Physics of a rapid CD4 lymphocyte count with colloidal gold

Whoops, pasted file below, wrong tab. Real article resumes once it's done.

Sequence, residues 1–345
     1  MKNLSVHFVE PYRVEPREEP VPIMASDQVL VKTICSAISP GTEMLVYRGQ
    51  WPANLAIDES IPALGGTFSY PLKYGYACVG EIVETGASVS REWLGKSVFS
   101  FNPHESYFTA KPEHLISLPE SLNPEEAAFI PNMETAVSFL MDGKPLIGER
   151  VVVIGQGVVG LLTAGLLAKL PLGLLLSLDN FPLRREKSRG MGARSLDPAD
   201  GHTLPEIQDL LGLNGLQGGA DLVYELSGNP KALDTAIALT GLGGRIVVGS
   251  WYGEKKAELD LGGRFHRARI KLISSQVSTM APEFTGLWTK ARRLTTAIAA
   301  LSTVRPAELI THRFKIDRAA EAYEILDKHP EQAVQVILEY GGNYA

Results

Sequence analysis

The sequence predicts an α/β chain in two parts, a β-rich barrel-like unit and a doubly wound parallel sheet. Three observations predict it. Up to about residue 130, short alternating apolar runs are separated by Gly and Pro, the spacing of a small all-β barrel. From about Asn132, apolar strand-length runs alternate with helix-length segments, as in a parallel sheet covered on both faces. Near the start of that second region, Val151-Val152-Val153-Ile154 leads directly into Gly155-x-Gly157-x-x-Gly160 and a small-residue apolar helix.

The inherent surface charges and small diameters that confer colloidal stability to gold particle conjugates (immunogold) are detrimental to rapid cell surface labeling and distinct cluster definition in flow cytometric light scatter assays. Although the inherent immunogold surface charge prevents self aggregation when stored in liquid suspension, it also slows binding to cells to timeframes of hours and inhibits cell surface coverage. Although the small diameter of immunogold particles prevents settling when in liquid suspension, small particles have small light scattering cross sections and weak light scatter signals. We report a new, small particle lyophilized immunogold reagent that maintains activity after 42°C storage for a year and can be rapidly dissolved into stable liquid suspension for use in labelling cells with larger particle aggregates that have enhanced scattering cross section. Labeling requires less than 1 min at 20°C, which is ∼30 times faster than customary fluorescent antibody labeling. The labeling step involves neutralizing the surface charge of immunogold and creating specifically bound aggregates of gold on the cell surface. This process provides distinct side-scatter cluster separation with blue laser light at 488 nm, which is further improved by using red laser light at 640 nm. Similar comparisons using LED light sources showed less improvement with red light, thereby indicating that coherent light scatter is of significance in enhancing side-scatter cluster separation. The physical principles elucidated here for this technique are compatible with most flow cytometers; however, future studies of its clinical efficacy should be of primary interest in point-of-care applications where robust reagents and rapid results are important. © 2011 International Society for Advancement of Cytometry